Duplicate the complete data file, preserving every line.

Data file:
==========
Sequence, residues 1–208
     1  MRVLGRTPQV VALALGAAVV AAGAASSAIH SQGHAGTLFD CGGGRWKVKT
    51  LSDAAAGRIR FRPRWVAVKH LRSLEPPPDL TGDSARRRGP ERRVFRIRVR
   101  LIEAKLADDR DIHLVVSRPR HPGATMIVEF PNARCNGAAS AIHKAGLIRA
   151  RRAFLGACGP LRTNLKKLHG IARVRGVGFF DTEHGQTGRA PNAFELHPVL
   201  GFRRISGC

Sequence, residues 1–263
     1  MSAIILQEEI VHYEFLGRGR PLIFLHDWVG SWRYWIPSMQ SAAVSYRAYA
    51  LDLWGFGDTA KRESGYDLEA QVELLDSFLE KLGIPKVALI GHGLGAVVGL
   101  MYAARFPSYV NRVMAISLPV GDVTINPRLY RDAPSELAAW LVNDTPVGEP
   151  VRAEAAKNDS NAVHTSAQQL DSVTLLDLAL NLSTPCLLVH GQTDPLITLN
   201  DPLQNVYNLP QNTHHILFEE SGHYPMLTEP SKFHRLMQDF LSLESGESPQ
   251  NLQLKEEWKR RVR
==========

Sequence, residues 1–208
     1  MRVLGRTPQV VALALGAAVV AAGAASSAIH SQGHAGTLFD CGGGRWKVKT
    51  LSDAAAGRIR FRPRWVAVKH LRSLEPPPDL TGDSARRRGP ERRVFRIRVR
   101  LIEAKLADDR DIHLVVSRPR HPGATMIVEF PNARCNGAAS AIHKAGLIRA
   151  RRAFLGACGP LRTNLKKLHG IARVRGVGFF DTEHGQTGRA PNAFELHPVL
   201  GFRRISGC

Sequence, residues 1–263
     1  MSAIILQEEI VHYEFLGRGR PLIFLHDWVG SWRYWIPSMQ SAAVSYRAYA
    51  LDLWGFGDTA KRESGYDLEA QVELLDSFLE KLGIPKVALI GHGLGAVVGL
   101  MYAARFPSYV NRVMAISLPV GDVTINPRLY RDAPSELAAW LVNDTPVGEP
   151  VRAEAAKNDS NAVHTSAQQL DSVTLLDLAL NLSTPCLLVH GQTDPLITLN
   201  DPLQNVYNLP QNTHHILFEE SGHYPMLTEP SKFHRLMQDF LSLESGESPQ
   251  NLQLKEEWKR RVR